Node Flooding, Surcharge, and Ponding in PCSWMM and EPA SWMM

Node Flooding, Surcharge, and Ponding in PCSWMM and EPA SWMM

In 1D storm sewer network modeling, it is important to understand how a modeling tool handles the system flooding or overflowing which will impact HGL and flow calculations in the conduits. A post on how to properly model 1D flooding and ponding in XPSWMM can be found here, and this post is to focus on PCSWMM and EPA SWMM. PCSWMM employs the latest EPA SWMM H&H calculation engine while XPSWMM uses its own calculation engine even though it originated from EPA SWMM engine several decades ago. The basic flooding/ponding principles from the previous XPSWMM post are still valid, however, PCSWMM and EPA SWMM do treat the topic a little bit differently as explained below.

As a responsible H&H modeler, you do not want water to get lost from your 1D storm sewer system (Figure 1) unless it outfalls to a receiving waterbody or is diverted to somewhere outside the system on purpose. When a 1D storm sewer system is overwhelmed under extreme storm events, you have to figure out appropriate ways to handle flood water which can not be accommodated inside the subsurface storm sewer pipes (usually designed for 2-yr, 5-yr or 10-yr events).

Figure 1

PCSWMM and EPA SWMM have several means to tackle the issue including Surcharge Depth, Ponded Area, Storage Node, and a dual drainage system.

  • Surcharge Depth

A non-zero surcharge depth can be applied to a junction so the HGL at this junction can go up as high as Rim Elevation + Surcharge Depth. An arbitrary high value should be entered as Surcharge Depth so no water will come out of this node. This option is similar to the “Sealed” option of XPSWMM and thus it may be (should be) used at bolted manhole locations. For other junctions where water can actually spill out, its application is probably only suitable for a preliminary level study since an unrealistically high HGL because of the surcharge depth will impact the hydraulics calculation in the conduits upstream or downstream.

Figure 2
  • Ponded Area

A non-zero ponded area can be provided at a junction and with the “Allow ponding” radio button being enabled (Figure 3) , any excessive water can be temporarily stored in this ponded area above the rim of the junction. When the conduit capacity become available, the temporarily ponded water will re-enter the storm sewer system. Unlike XPSWMM where a conic shaped ponded area is defined, the ponded area in PCSWMM and EPA SWMM has a constant surface area value regardless of the water depth.

Figure 3
Figure 4

It is preferable to apply the ponded area option to a junction in a low spot such as a sag. It does not make a lot of sense to enable the option at an on-grade junction, even though a lot of modelers are doing it anyway. For an on-grade inlet or manhole, a dual drainage system is more appropriate to handle excessive water coming out of it.

The determination of a ponded surface area is tricky: it may be calculated as a certain percentage of a subcatchment area, or can be estimated by checking the inundation maps to see how big an area can be flooded around the junction. A trial and error method is often necessary to finalize its value so the modeling results are reasonable and acceptable. An important fact to keep in mind is if a ponded area is too small, the model again may end up with some unreasonably high HGL.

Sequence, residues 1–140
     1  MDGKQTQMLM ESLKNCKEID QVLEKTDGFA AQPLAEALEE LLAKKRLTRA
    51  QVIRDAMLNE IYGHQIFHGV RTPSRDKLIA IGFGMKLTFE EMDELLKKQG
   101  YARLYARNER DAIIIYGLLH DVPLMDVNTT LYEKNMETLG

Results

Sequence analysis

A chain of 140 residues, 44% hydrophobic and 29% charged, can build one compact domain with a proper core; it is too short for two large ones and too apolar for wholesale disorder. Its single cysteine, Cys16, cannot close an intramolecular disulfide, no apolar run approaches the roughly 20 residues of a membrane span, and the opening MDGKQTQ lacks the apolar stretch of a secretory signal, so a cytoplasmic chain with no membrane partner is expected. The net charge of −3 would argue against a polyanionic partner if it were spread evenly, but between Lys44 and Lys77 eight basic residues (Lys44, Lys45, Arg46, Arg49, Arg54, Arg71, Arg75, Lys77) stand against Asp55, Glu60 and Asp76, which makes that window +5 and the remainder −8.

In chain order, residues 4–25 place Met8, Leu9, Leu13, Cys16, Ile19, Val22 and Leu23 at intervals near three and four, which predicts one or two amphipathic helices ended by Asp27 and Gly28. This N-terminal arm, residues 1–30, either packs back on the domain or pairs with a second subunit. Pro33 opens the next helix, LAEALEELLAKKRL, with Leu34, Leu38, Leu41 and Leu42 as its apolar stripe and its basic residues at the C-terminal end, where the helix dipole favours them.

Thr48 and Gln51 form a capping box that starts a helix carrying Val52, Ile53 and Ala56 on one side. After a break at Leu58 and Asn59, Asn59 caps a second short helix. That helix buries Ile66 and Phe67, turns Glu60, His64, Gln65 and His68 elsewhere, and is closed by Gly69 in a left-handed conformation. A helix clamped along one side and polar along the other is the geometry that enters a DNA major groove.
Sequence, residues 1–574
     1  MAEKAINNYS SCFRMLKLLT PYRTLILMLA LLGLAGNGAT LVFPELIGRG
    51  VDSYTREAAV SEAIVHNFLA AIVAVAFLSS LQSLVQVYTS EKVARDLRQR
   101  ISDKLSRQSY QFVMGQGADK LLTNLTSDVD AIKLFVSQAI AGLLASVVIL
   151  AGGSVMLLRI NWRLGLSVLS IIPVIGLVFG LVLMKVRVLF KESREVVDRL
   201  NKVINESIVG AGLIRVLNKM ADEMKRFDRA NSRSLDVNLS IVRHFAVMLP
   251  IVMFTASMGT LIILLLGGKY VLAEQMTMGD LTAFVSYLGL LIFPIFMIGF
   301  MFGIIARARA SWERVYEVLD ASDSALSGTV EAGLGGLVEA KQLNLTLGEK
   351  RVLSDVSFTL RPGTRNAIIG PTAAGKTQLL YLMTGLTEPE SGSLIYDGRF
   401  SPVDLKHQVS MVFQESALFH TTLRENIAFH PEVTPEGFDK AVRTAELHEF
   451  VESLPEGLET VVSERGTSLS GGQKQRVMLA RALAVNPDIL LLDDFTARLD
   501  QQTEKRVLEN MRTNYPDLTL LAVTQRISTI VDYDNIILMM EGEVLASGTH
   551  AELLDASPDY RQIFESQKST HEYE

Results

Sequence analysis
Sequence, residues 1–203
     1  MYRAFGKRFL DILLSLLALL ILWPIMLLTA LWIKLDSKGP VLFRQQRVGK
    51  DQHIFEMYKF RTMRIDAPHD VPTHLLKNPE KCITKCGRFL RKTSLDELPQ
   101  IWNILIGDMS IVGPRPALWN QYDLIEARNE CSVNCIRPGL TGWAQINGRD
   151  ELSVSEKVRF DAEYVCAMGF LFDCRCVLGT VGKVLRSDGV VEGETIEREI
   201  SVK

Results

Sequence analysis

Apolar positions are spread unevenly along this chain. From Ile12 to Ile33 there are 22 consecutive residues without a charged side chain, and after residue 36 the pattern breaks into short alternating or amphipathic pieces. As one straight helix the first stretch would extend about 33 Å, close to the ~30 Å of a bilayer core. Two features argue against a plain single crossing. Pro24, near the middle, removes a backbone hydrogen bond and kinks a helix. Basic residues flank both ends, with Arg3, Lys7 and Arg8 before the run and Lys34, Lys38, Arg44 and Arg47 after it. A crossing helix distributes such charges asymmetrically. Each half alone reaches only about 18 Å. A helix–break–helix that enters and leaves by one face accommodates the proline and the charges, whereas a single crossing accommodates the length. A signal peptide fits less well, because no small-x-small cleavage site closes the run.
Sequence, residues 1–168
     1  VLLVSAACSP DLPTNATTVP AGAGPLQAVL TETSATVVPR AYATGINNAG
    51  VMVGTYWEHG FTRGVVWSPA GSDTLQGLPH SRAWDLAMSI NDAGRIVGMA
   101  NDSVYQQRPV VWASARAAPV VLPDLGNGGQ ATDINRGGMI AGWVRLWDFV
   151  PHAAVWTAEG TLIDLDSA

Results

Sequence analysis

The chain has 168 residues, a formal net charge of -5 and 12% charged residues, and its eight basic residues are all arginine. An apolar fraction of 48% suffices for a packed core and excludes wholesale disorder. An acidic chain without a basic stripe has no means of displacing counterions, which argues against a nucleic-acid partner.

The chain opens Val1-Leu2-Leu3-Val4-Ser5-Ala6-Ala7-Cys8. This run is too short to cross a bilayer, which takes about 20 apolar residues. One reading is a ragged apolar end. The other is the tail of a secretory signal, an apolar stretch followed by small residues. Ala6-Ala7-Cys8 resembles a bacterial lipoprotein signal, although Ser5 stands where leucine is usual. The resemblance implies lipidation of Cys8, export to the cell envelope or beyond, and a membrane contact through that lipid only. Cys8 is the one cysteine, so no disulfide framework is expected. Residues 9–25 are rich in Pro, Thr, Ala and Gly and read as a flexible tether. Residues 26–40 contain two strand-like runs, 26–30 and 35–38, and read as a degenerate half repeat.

The ponded area option does not work simultaneously with the surcharge depth option, and if both options are enabled at a junction, the surcharge depth option will be ignored.

  • Storage Node

The ponded area option is a simplified method to simulate surface flooding by assuming a constant surface area above the junction rim. To more accurately model the situation without resorting to a coupled 1D-2D model, a junction can be converted to a storage node associated with a storage curve to define its depth-area relationship from node bottom (depth=0) to a depth larger than the expected peak values (Figure 5).

Figure 5

The Surcharge Depth or the Ponded Area option is not available for a storage node. For a more detailed discussion about the differences between a storage node and a junction node, refer to this post.

  • Dual Drainage System

Like XPSWMM, PCSWMM can also model a dual drainage system including a minor system – subsurface storm sewer network and a major system – open channel flow in street/overland/ditch (Figure 6). The flood water is to be routed through the major system and it will re-enter the minor system when the minor system capacity becomes available or outfall to a receiving waterbody at the end.

Figure 6

PCSWMM Dual Drainage Creator Tool can be used to create a major system parallel to the existing minor system:

1. Open Street Editor to create a representative street section for the major system (Figure 7).

Figure 7

2. Select the minor system conduits where the major system is to be created, and open Dual Drainage Creator Tool (Figure 8).

Figure 8

There are 3 options for inlet control including None (no restriction, free flow), Use inlet or Outlet. If the Outlet option is chosen, the flow exchange between the minor and major system nodes is controlled by the outlet rating curve (Figure 9). Optionally, a modeler can convert the outlet to an orifice, for example, using a side orifice to represent a curb inlet opening (Figure 10) or a bottom orifice for a grate inlet.

Figure 9
Figure 10

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